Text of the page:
frame.setVisible(true); // show the window"color");  // assign the colors"layout"); // start up the animated layout


You can download this example in it's entirety as the file After you get the example running, try replacing some of the components. For example, you could change the layout ActionList to only run once by removing the INFINITY parameter and then try any of the other graph layouts included with the toolkit.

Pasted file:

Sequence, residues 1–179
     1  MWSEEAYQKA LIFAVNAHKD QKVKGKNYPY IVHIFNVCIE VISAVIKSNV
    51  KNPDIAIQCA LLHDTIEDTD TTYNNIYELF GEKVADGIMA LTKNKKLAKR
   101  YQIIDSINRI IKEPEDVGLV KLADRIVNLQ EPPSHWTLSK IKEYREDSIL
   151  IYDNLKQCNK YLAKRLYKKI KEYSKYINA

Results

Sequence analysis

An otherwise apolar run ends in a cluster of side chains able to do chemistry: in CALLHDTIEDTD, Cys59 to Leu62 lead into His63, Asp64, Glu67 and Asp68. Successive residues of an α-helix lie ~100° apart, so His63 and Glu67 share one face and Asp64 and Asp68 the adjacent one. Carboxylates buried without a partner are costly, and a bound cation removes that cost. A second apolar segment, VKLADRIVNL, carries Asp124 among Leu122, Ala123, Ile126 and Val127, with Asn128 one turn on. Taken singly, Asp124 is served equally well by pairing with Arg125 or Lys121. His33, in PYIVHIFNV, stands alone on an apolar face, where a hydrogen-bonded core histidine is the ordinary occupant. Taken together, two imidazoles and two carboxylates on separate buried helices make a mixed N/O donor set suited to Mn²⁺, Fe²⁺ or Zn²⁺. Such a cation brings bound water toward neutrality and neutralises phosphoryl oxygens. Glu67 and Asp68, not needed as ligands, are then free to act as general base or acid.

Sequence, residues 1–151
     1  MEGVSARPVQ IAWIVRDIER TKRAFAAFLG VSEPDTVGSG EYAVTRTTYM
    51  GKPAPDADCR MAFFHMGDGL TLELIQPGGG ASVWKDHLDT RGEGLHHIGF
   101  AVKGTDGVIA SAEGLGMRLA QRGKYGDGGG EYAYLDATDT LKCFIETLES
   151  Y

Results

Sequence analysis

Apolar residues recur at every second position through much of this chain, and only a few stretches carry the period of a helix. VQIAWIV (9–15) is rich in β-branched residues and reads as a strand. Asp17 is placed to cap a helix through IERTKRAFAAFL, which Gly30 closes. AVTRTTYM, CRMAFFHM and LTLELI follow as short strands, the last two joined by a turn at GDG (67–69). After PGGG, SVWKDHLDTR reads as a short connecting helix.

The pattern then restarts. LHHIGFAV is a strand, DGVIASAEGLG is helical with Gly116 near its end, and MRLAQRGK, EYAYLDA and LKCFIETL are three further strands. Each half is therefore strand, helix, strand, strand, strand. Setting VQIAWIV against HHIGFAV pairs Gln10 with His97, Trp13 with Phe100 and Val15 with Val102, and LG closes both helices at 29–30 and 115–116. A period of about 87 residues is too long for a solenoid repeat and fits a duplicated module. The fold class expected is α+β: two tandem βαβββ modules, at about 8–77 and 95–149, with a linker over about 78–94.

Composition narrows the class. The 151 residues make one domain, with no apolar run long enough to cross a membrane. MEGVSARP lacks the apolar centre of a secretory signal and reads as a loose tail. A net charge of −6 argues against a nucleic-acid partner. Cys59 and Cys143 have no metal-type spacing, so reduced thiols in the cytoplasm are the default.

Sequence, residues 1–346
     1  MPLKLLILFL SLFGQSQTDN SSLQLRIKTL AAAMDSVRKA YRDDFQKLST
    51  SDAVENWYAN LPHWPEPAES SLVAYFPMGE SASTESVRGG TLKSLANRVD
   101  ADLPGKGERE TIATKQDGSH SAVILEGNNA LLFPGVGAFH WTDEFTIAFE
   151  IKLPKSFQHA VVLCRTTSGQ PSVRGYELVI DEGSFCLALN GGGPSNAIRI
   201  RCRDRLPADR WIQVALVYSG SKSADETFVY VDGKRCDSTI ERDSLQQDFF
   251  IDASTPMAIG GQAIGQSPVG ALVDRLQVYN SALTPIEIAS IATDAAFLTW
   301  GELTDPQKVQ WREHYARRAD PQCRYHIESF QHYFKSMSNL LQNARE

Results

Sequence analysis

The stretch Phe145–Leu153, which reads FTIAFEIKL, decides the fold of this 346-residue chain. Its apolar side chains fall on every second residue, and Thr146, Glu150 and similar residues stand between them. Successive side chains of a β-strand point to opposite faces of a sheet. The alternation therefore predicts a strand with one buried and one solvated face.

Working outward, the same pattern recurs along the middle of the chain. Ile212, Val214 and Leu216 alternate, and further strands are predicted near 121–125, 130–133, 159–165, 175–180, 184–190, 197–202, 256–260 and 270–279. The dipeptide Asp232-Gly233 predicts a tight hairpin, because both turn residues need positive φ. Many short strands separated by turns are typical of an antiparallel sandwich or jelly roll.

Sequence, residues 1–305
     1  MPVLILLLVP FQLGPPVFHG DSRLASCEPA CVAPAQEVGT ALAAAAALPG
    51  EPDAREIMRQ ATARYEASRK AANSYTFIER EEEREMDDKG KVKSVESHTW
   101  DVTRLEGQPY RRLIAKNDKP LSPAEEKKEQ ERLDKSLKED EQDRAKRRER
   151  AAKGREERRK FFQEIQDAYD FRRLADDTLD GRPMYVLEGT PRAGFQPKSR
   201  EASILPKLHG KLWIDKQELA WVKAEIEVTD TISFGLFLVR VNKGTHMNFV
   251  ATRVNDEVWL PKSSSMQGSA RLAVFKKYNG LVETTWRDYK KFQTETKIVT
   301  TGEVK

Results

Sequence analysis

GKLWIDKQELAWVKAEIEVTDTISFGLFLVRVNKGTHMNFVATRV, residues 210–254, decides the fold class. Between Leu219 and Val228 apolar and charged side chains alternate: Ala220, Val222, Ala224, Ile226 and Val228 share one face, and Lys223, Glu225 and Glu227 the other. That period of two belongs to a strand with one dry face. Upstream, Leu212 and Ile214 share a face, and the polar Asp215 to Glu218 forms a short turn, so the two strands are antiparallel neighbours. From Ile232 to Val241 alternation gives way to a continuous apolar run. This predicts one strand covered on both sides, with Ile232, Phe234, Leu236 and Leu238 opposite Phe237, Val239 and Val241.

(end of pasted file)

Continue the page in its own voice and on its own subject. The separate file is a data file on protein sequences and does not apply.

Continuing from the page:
In addition, there are plenty of other example applications included in the demos folder of the prefuse toolkit distribution. If you are comfortable with the example presented above, you are ready to start exploring the included demos.

post a comment

You may use HTML tags for style. Please enclose source code within <pre class="codebox">...</pre> tags.

If you haven't left a comment here before, you will need to be approved before your comment will appear. Until then, it won't appear on the entry. Thanks for waiting.